had been a great help to him during the early years of his company, and the divorce court had ordered him to make over to her another block of shares, or the equivalent sum in money. 'He had to buy your shares back, remember?' Larry muttered, glowering at her. 'And he borrowed from the bank to do it and has had to pay a horrific amount of interest ever since.' 'I didn't ask him to buy the shares!' she protested, flushing angrily. 'He insisted!' 'What choice did he have? You might have sold them without telling him, and he couldn't risk having some outsider buy ten per cent of the shareholding. He could have found himself being forced out of control.' 'I wouldn't have done that!' 'He couldn't be certain you wouldn't, and while they were in your hands they were a permanent threat; he had to get them back, and it was borrowing that money that started all his troubles. While he owed the bank a million he couldn't persuade them to lend him any money when he ran into difficulties over the mini-series. He had to borrow elsewhere, at a much higher interest, and money started bleeding out of us. If the series had been a success we could have weathered the problem, recouped our money from sales. But...' Larry broke off, groaning. 'I shouldn't be talking about all this; Sean would kill me if he knew.' Nadine was sure he was right about that. If Sean was in financial difficulty he wouldn't want anyone knowing about it. But something else was on her mind, and she had to know the answer to a question burning in her brain. 'Why did you think he might be here?' Why should Larry think Sean would come to her when he was in trouble? Her heart beat thick and fast and she was breathless as she watched Larry's frowning face and waited for him to answer. 'I told him to come,' Larry muttered reluctantly, and her hazel eyes opened wide in bewilderment. 'But... why...?' Furiously Larry broke out, 'I said he was a fool not to ask you to hand that money back. On paper he may be worth a hundred million, but that's all it is—numbers on paper. He couldn't raise a hundred million, or a fraction of that, even if he sold the whole damn company! But he paid you in real money. Cash. It was a stupid gesture, and he's paying for it. So I told him to ask you to let him have it back, even if it was only as a loan until he could get out of this!' 'Oh,' Nadine said. 'Oh, I see. Well, he didn't— come here. Ask me.' The words came out dis- jointedly, her mouth stiff and cold. She might have known. Had she really been stupid enough to hope that Sean might come to her when he was in trouble, that he might need her? Had she forgotten that Sean Carmichael didn't need anybody, never admitted a weakness, never apologised, never forgave? Larry shot her an eager look. 'Would you? If he asked?' Nadine coldly said, 'If he did, I'd discuss it with him,' and Larry, snubbed, flushed and gave her an even more hostile look. 'I see. Maybe Sean was right not to come. I couldn't believe you'd be that vindictive, but Sean has always been smarter at reading people than I am.' Nadine stiffened at the insult, hardly believed Larry had said such a thing, it was so out of character. Red-faced, he turned on his heel, almost knocking her over, and she followed him to the front door, biting her lip. She was angry with him for talking to her like that, but her curiosity was stronger than her anger. 'What did you mean, you were afraid he might do something crazy?' she asked as Larry opened the door. He stopped, turned, staring at her with an angry frown as if trying to decide whether or not to answer, but at last he did, hurling the words at her as if he wished they were rocks and could hurt her. 'Sean has to pay a very large sum to the bank before the end of the month. If he doesn't, we're in real trouble; the company may fold. Sean's so worried, I'm afraid he may...' He broke off, sighing heavily. 'Oh, I don't know, don't take any notice of me, I don't know what I'm saying any more.' Nadine looked at him fixedly and was sure he did know. Larry wasn't the type to talk wildly; if he did so now it was because he had some serious cause for worry. From what he said, Sean must be desperate, and her chest constricted at the thought of Sean in that state of mind. Larry bleakly said, 'He could have paid the bank this month, but only if he didn't pay the salaries, so he paid the staff and it may be their last paypacket, which some of them probably guess. Another of Sean's typically quixotic gestures. Sometimes I could hit him. If he would only think with his head, not his heart, we'd be much better off!' 'But you wouldn't like him so much!' Nadine said drily, and Larry gave a rough bark of laughter. 'No. Probably not.' She thought soberly, frowning. 'What about the mini-series? That's finished; can't you raise money with it?'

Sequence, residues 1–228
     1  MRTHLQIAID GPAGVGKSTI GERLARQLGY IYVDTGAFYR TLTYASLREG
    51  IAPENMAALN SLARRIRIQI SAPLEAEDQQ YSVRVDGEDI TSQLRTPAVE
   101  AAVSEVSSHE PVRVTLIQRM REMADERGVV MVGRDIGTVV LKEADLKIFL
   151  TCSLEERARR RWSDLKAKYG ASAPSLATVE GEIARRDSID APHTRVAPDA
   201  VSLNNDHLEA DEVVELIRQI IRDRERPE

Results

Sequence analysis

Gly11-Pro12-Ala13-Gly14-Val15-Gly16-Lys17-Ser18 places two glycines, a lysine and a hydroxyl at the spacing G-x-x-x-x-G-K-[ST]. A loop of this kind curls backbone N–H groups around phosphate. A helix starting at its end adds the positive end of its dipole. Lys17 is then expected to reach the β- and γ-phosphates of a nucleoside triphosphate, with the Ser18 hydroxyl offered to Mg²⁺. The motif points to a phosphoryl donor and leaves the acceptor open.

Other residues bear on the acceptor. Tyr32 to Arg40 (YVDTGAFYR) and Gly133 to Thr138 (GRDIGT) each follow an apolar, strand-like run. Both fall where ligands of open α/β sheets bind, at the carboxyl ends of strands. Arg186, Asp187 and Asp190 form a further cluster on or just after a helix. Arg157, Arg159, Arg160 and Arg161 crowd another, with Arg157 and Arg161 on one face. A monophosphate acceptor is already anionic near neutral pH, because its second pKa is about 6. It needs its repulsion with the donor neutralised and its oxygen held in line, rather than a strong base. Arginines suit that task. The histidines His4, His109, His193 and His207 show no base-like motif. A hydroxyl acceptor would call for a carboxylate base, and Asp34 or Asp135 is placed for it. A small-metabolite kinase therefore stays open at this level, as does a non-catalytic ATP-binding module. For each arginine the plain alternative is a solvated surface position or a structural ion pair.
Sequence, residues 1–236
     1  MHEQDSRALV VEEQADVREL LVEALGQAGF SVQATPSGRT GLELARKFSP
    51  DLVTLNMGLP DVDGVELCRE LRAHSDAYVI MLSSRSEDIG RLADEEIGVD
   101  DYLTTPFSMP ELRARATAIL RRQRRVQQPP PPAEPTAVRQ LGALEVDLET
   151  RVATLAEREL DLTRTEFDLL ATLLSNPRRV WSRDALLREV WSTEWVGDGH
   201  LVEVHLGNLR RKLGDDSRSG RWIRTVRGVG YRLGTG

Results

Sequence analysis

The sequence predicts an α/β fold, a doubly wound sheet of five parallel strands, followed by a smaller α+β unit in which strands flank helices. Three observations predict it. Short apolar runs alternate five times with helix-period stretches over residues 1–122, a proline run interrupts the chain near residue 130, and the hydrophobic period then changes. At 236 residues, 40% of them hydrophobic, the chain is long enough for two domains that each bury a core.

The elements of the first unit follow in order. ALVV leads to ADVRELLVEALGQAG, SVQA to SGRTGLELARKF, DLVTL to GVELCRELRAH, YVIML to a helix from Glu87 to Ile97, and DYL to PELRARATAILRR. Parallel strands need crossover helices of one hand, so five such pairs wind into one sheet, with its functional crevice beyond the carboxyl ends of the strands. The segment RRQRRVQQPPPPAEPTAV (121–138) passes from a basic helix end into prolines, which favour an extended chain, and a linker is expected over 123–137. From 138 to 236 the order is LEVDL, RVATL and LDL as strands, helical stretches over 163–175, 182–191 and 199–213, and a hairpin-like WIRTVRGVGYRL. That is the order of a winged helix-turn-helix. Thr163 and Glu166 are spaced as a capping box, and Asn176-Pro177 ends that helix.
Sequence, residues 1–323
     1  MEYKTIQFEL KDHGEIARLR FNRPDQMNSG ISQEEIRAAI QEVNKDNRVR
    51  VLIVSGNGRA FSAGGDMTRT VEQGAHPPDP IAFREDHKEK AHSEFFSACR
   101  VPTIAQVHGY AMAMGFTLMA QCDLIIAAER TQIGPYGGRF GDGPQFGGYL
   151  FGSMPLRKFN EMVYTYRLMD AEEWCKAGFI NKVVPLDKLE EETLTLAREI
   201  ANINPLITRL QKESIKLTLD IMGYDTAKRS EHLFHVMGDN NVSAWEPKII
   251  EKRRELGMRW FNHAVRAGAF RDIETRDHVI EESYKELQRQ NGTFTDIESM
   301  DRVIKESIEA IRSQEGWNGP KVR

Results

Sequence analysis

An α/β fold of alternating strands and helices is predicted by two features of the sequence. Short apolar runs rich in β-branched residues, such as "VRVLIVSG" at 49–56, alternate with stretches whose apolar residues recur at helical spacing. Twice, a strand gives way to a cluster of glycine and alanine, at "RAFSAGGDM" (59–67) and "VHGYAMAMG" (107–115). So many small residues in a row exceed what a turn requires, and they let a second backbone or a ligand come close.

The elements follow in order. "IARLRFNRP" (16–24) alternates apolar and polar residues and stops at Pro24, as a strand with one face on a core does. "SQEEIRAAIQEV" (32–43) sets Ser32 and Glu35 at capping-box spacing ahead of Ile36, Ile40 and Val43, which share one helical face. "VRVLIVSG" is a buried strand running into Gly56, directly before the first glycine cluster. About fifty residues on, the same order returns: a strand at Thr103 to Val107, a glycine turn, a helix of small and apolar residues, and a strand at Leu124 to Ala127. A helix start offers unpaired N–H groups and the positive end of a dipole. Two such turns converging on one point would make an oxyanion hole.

Larry grimaced. 'Greg Erroll has pulled out of the deal we had set up with him. He had an option to take the mini-series but all this bad publicity about it has made him change his mind. So we won't be getting the fresh injection of money Sean thought we'd be getting from him, and that's what he was relying on to pay the bank.' Nadine drew a shaken breath. So she had been right! Greg had intended to buy the series. But he had pulled out, presumably after hearing what Juno Harper had to say. That woman! Nadine thought bleakly. Larry said flatly, 'We've both been everywhere we can think of, trying to find the money we need, but all we got were polite smiles. The word's out that the series is a mess and Sean's in trouble, and all the hyenas are out for his blood.' 'It's that serious?' she whispered, horrified. Larry nodded grimly. 'Sean built that company up from nothing, and now some scavenger, some vulture, will come along and snatch it away from him, and all because of a couple of women! You and Fenella Nash! I could kill both of you! She started the landslide by talking to the Press and bad- mouthing the mini-series, and Sean has never been the same since you left, anyway.' Her heart seemed to stop. He might just be talking wildly, but Larry had known Sean even longer than she had. She wanted to ask him what he meant, what made him think Sean had never been the same, but she couldn't. When he calmed down later Larry was going to regret half the things he had said to her today. It indicated how worried he was that he had been so indiscreet. Larry was a loyal, devoted friend: he kept saying that it was Sean who had built the company up but she knew that Larry had had a great deal to do with it too. It had been his financial expertise which had helped Sean get the company off the ground. In the beginning, when they were running Carmichael Films on a shoe-string, while Nadine was putting her modelling salary into the company to keep it afloat, and Sean was paying himself in peanuts, Larry had taken a tiny salary too, just enough to pay his rent and keep him fed. By the time he'd married the company was doing better, but even so his wife, Virginia, who was an accountant too, with a financial institution in the City of London, had earned far more than Larry did, at first. Just after Sean and Nadine split up, Virginia had stopped work to have her first baby, which was a little girl whom she had called Nadia. She had asked Nadine to be the baby's godmother, but although Nadine had wanted to accept she hadn't wanted to keep Sean away from the baby's christening party, and wasn't ready to face him again yet, so she had reluctantly backed out. Sean had been godfather, and no doubt he had been delighted to be asked. Sean loved children. He had badly wanted some of his own. 'And now he's disappeared,' Larry muttered then, and Nadine looked sharply at him, her skin icy cold. 'Disappeared?' Larry nodded, his face tense. 'I haven't seen him for two days. I can't find him, and I've looked everywhere, believe me. It isn't like Sean to go off suddenly without leaving word where he was going. You know that. But that's what he's done. He just walked out of the office on Wednesday at lunchtime, and nobody has seen him since.' Her lips white, Nadine said, 'He could have gone to the States, to see Fenella.' Larry shook his head, looking irritable. 'Naturally I thought of that! I rang her; she hadn't seen him or heard from him. I didn't really think he would go to her; it's over between them.' 'It didn't last long, did it?' Nadine bitterly said. 'He left me for her just eighteen months ago, and now it's all over.' Larry looked taken aback. 'Left you for her? Sean didn't leave you for Fenella Nash. You left him for Jamie Colbert!' Nadine was furious; she gave Larry a bitter, antagonistic stare. 'You know better than that, Larry! You've always known what Sean was doing! He doesn't keep secrets from you!' He didn't deny it, but protested, 'He told me your marriage broke up over Jamie Colbert!' 'Well, he lied. It isn't true. Sean walked out on me! He was making that first film with Fenella. Dangerous Lady. I never saw him, he was away on location for months, and when he did come home he was different, distant, not interested in me, I barely got a word out of him for weeks on end. Then the gossip about him and Fenella started; there were a few odd hints in gossip columns at first and then open comments, and when I faced him with it, asked him outright if he was having an affair with her, he didn't deny it.' Larry was frowning, his face uncertain. 'And you weren't having an affair with Jamie Colbert before that?' 'No, I wasn't! Jamie was just the excuse Sean thought up for his affair with Fenella!' 'But I could have sworn ' Larry broke off as her doorbell rang loudly. 'My taxi.' Nadine bit her lip, her mind in chaos. 'I'm off to the West Indies today, on holiday,' she told him again. The doorbell rang again and she groaned, hurrying to open the door. The driver gave her a grin. 'Sorry if I'm a bit late—traffic was terrible. You ready, miss?' He looked past her at the cases standing in the corridor. 'Can I take your luggage down for you?' She nodded distractedly. 'Thanks. I... I won't be a minute...'